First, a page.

KEEPING THE FAITH: Waiting on forever
“This is taking forever,” my surly 17-year-old complained as we sat in the drive-thru line of his favorite fast food restaurant. I looked at my watch. It had been six minutes.
“I hate this algebra module. It takes forever to finish,” he said a few days later. I checked the parent portal (something virtual-schooling parents have learned these days). He had been working for 45 minutes.
“They might delay our basketball season until after Christmas,” he reported this week. He followed by saying: “God, that’s forever!” I checked my mental calendar. No, that is only three or so more months.
Is my teenager impatient? Of course he is! Aren’t they all? Does he use the word “forever” in its most metaphorical way, devoid of literal meaning? Of course he does!
Don’t we all?
James Joyce pointed his readers to the sand along the seashore. “Imagine a mountain of sand,” he said, “a million miles high, a million miles wide, and a million miles thick. Imagine that every one million years a little bird came to that mountain and carried away in its beak one tiny grain of sand. How many millions upon millions of centuries would pass before that bird even carried away a single square foot of that mountain?”
Joyce, continuing with his Irish eloquence, wrote: “If that mountain rose again, after it had been carried away grain by grain, and if it so rose and sank as many times as there are stars in the sky, atoms in the air, and drops of water in the sea …at the end of all that rising and sinking … not even one single instant of eternity could be said to have passed … Forever makes the brain reel.”
I told Joyce’s parable to my son after his last citation of “forever,” and reminded him that his waiting certainly wouldn’t take an eternity. The point was lost on him, so I hope that you, dear reader, respond more eagerly than a sullen 17 year old.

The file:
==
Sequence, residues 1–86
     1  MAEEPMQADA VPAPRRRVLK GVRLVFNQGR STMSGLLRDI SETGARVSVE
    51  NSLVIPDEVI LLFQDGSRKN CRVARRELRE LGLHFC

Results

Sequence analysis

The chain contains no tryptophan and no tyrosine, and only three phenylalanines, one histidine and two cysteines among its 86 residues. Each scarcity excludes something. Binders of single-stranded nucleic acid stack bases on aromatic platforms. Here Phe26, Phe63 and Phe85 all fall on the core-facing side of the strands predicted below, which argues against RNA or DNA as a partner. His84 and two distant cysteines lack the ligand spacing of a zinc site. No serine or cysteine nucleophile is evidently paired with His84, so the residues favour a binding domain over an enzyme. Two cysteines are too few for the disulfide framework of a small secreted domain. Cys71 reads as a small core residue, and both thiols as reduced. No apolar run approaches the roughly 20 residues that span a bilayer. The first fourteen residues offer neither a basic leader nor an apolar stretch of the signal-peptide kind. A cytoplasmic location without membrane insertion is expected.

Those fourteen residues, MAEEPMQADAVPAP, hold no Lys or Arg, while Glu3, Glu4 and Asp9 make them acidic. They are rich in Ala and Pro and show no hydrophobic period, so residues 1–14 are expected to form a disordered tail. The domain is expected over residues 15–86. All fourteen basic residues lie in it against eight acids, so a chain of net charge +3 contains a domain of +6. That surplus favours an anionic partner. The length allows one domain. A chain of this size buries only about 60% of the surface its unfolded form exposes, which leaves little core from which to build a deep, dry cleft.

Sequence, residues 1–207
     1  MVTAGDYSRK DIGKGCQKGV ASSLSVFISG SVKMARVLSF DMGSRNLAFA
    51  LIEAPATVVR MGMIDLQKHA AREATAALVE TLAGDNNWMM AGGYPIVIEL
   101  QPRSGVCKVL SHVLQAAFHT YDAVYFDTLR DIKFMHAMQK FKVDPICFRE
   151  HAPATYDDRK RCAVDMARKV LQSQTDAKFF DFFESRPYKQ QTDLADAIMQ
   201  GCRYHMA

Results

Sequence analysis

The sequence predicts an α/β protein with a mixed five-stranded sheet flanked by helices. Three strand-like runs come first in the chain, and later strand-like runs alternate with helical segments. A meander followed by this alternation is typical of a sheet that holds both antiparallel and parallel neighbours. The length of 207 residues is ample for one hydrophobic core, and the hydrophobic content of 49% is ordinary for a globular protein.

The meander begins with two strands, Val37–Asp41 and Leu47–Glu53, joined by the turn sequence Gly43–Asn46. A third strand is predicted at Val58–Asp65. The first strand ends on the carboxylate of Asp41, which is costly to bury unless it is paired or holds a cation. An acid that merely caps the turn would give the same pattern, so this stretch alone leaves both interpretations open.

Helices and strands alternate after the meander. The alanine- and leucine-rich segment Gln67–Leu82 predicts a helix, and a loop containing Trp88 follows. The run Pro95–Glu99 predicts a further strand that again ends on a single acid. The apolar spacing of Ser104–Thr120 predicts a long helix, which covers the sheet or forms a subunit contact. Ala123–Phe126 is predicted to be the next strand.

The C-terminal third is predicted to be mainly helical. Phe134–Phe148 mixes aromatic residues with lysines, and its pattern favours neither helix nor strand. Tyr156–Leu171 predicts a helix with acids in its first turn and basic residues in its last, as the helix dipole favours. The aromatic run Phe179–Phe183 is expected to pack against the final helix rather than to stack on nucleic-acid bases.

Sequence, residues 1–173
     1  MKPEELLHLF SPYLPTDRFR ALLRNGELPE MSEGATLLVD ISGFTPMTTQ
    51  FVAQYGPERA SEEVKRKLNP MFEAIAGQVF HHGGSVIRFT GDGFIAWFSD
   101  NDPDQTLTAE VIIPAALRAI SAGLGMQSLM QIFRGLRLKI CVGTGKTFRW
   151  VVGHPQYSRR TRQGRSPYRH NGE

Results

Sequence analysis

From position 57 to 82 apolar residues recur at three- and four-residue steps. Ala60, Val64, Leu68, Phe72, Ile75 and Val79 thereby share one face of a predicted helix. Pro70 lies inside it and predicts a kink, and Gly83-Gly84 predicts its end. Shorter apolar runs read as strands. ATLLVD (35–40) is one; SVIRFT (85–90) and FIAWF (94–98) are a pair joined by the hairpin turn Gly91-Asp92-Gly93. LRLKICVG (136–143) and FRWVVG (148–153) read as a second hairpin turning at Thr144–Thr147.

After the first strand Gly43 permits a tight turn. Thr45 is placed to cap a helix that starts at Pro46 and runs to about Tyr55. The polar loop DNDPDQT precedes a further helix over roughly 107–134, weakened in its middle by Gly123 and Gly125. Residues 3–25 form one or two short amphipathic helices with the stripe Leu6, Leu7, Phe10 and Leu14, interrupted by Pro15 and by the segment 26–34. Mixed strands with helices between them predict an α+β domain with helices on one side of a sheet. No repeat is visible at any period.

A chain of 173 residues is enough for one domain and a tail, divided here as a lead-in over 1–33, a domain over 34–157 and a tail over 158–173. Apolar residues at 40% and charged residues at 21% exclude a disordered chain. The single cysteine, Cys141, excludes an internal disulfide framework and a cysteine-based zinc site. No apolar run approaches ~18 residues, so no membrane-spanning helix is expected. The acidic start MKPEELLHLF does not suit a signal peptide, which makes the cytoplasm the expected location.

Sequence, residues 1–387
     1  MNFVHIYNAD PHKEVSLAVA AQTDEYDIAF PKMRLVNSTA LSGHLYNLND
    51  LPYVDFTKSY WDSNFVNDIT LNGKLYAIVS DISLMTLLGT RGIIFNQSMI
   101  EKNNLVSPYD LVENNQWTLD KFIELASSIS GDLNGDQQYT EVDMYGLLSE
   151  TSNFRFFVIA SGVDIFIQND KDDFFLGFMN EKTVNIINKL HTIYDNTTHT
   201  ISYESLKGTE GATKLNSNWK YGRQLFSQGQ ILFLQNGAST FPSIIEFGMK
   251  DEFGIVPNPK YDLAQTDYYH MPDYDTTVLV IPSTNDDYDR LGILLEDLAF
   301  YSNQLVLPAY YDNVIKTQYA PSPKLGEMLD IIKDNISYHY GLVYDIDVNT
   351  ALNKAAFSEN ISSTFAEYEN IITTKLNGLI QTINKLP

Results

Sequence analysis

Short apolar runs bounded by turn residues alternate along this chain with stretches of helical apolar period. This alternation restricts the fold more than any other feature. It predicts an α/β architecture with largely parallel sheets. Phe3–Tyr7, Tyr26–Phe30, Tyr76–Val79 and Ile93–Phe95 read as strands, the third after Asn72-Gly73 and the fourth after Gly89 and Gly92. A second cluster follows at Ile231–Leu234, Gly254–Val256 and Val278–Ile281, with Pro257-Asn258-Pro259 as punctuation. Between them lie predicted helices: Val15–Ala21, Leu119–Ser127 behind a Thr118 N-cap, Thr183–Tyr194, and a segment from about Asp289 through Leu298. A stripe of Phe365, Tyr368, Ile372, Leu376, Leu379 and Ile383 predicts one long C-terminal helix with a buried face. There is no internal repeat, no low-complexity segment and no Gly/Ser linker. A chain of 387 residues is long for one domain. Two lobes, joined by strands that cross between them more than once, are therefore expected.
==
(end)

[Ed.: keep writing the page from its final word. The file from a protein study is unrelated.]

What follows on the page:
The truth is, everyone has to wait: In expectation, in dread, by choice, and sometimes we are forced to wait against our will. We wait to be reunited, wait on a pathology report, wait for a wayward child to find her way, and most recently the waiting is especially torturous, as these COVID-months are something akin to dog years — only longer.
And while we wait, the days do not. The sands of time move, not by the beak of Joyce’s little bird, but steadily and irreversibly through the hourglass of life. Thus, we have a choice: Sit and sourly watch the grains fall away until some yearned-for date on the calendar finally arrives, or get busy living while waiting.
See, life isn’t lived somewhere in the future. Life is lived today, in all those humdrum but holy moments that happen while you are waiting for something else. You best get busy with the living part, because you don’t have forever to wait.
Ronnie McBrayer is a syndicated columnist, blogger, speaker, and author of multiple books. Visit his website at www.ronniemcbrayer.org.